|Developing a single trading technique and using it all the time is like using a screwdriver even when you really need a chisel instead. Just as a carpenter has different tools for different tasks pertaining to his job, the successful trader needs a set of tools for dealing with varying market conditions. Having the proper tools and knowing when to use them will help any trader trade more successfully. |
TOOLS OF THE TRADE
One of the tools that should be in the trader's toolbox is a good system for trading pullbacks in trending stocks. Since the market does not trend all the time, you also need a way to determine when it is appropriate to use this tool and when it is best to use something else. Backtesting can yield insight into when to use this approach and when to remain in cash, as well as help determine what types of pullbacks and filters are most profitable. Backtesting can provide answers to questions such as: How does volume on the pullback affect results? How does volume on the breakout day affect the profitability of your system? In what market conditions should the pullback technique be used? Knowing the answers to these questions can make you a more effective trader and lessen your risk.
One of the techniques I use for trading pullbacks is to look for stocks that have been in an established uptrend but then pulled back with at least three consecutive lower highs. Figure 1 shows a chart of NFLX that illustrates an example of a pullback trading pattern in early March 2003.
Figure 1: Trading pullbacks. NFLX established an uptrend, then pulled back with at least three consecutive lower highs.
NFLX was in an established uptrend from November 2002 to March 2003. In early March, it showed a pullback of three lower highs. The following day, NFLX broke the previous day's high, ending the pullback pattern and providing an entry point or trigger. After the trigger, NFLX moved up 23% in four days.
It's easy to find examples that would work for any system, which is why it is so important for traders to carefully research and test a system prior to actually using it. The first step is to clearly define the system so that it can be tested and evaluated.
The rules for the pullback system can be found in Figure 2. The entry and exit rules are simple and do not require you to be glued to the screen all day. Stocks are deemed to be in an uptrend if they closed above the 200-day simple moving average, and the 20-day slopes of the 28-, 50-, and 20-day simple moving averages were positive.
Figure 2: Pullback trading system rules.
When evaluating a system, I first test it during a market environment wherein it should work. If it doesn't show promising results in favorable conditions, it's best to try another idea. If it shows promise in a favorable market, I will then test it under a number of different conditions and time periods. Figure 3 shows the backtesting results for the three-day pullback system during the three-month bullish period of September 5, 2003, through December 4, 2003.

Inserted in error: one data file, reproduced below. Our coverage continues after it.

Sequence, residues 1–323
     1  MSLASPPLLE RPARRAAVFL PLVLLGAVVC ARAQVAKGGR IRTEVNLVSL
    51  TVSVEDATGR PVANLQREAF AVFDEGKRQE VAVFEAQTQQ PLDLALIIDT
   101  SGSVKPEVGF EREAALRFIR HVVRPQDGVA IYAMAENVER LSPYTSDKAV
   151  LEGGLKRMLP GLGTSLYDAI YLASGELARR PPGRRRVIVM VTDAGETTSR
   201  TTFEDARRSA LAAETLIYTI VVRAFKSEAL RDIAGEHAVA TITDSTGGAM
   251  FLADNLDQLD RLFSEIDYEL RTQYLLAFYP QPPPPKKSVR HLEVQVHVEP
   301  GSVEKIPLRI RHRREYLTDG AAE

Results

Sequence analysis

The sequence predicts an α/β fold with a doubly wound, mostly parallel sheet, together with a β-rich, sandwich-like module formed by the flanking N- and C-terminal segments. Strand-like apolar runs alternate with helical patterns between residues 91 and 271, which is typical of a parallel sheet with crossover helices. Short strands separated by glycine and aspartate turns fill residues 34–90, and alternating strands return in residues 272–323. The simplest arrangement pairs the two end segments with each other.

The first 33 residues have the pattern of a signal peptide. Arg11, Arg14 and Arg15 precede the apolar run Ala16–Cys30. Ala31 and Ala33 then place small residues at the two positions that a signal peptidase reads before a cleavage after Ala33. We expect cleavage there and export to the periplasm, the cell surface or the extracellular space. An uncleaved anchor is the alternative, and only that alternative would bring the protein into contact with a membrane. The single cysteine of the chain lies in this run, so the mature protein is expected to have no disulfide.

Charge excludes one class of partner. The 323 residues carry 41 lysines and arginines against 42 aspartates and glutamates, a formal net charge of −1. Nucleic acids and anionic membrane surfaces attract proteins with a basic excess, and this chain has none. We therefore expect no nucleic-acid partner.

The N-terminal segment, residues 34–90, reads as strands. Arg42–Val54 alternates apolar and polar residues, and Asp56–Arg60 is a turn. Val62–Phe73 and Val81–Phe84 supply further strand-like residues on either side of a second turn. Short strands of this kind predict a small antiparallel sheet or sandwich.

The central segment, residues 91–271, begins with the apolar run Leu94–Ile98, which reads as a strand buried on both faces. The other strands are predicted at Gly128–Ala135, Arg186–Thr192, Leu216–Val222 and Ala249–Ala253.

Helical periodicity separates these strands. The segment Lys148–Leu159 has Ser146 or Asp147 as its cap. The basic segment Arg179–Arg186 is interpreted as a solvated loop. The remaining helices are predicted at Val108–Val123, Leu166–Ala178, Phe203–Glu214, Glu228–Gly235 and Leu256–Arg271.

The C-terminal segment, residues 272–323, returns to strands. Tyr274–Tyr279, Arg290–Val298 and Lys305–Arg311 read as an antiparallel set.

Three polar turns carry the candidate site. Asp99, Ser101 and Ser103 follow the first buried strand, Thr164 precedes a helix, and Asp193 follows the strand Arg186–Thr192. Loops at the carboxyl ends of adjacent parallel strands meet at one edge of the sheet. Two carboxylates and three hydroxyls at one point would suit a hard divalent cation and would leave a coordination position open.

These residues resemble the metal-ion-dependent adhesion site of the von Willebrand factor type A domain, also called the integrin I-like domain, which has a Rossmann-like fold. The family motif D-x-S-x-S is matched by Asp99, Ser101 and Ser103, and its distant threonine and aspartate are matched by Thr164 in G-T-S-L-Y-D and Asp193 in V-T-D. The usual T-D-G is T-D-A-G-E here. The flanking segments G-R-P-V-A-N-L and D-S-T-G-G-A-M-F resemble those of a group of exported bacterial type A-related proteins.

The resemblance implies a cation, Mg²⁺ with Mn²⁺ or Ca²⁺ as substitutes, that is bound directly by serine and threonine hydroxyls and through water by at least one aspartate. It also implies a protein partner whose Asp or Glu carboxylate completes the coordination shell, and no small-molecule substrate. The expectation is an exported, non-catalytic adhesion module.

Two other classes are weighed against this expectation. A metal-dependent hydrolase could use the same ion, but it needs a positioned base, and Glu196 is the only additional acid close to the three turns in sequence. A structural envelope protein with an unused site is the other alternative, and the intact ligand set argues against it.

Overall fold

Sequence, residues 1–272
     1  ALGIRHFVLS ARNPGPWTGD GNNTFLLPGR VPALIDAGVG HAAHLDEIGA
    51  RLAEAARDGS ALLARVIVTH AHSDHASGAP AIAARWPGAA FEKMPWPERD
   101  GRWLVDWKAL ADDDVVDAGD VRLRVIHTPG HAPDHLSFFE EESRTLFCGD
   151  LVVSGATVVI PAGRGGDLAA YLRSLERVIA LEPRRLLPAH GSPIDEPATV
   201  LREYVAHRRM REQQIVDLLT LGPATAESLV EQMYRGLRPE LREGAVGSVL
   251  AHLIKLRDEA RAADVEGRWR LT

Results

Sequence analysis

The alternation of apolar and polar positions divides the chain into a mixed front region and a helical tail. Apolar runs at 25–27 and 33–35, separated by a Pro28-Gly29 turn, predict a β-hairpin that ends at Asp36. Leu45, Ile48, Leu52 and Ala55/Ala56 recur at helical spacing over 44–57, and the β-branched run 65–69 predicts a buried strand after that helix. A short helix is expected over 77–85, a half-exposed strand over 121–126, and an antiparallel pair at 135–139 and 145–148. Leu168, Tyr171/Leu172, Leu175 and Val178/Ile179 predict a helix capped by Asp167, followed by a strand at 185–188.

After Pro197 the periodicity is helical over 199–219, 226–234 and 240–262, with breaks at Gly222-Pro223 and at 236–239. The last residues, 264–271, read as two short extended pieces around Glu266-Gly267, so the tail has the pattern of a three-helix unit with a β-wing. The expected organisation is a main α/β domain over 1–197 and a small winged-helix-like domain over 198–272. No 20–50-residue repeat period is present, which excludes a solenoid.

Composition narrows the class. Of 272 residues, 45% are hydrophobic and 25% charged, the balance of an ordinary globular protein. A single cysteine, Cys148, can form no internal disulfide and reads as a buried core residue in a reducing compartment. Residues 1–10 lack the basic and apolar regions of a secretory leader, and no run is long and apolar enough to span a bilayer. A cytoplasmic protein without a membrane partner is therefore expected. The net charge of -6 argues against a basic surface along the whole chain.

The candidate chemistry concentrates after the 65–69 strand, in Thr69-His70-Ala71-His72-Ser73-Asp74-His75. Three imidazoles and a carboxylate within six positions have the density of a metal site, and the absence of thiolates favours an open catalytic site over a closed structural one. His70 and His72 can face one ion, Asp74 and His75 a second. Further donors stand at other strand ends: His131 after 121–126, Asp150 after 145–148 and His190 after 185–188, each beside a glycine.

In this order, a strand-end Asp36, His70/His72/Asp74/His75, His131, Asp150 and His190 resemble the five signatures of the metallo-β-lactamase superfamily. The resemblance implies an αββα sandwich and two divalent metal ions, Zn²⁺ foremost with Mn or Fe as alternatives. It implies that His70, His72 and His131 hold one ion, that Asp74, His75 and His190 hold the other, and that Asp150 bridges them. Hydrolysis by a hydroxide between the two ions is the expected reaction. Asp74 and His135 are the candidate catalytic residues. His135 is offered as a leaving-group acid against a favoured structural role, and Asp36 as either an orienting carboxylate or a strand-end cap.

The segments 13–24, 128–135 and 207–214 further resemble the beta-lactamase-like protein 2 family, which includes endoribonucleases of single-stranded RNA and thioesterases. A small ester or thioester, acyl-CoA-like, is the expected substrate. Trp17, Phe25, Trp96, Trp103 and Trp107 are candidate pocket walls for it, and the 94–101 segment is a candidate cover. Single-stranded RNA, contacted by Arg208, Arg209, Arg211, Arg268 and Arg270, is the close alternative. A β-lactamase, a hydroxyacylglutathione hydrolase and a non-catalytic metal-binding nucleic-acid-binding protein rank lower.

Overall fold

Figure 3: Backtesting results for the three-day pullback scan.
In order for me to consider using a trading system, it must meet three criteria:
A system meeting these criteria has a positive expectancy. Trading is a game of probabilities. If I win more than I lose, and earn more on the winners than I lose on the losers, then my job is to play the game often. If we flip a coin and every time it comes up heads you give me $1, and when it comes up tails I give you $0.95, my goal is to get you to play as long as possible. The coin may come up tails a number of times in a row, but I know that over the long run I will come out ahead.
Figure 3 shows that during the test period the three-day pullback system has a positive expectancy. It yields winning trades 64% of the time, and the average profit of winning trades is larger than the average loss of losing trades. The average annual return on investment (ROI) number is interesting, but since it assumes the trader takes all 2,371 trades and does not account for position sizing, it is not reflective of actual practice. The ROI number is a good figure of merit, and winning 64% of the time in a good market will keep the wolf from your door.
In order to test the effects of volume considerations on the three-day pullback scan, I ran the backtest again during the same period of September 5, 2003, through December 4, 2003. This time three different volume filters were used, one at a time. The results in Figure 4 indicate that during this time period the trading results might be improved by focusing on entering positions where the volume on the trigger day is above average.
Figure 4: Results of volume filters for the pullback scan.
After evaluating the volume filters, I tested the effects of filters that use the closing price of the trigger day. Adding requirements to the three-day pullback scan (such as requiring the closing price on the trigger day to be above the previous day's close, above the previous day's low, or above the previous day's high) did not significantly improve the results.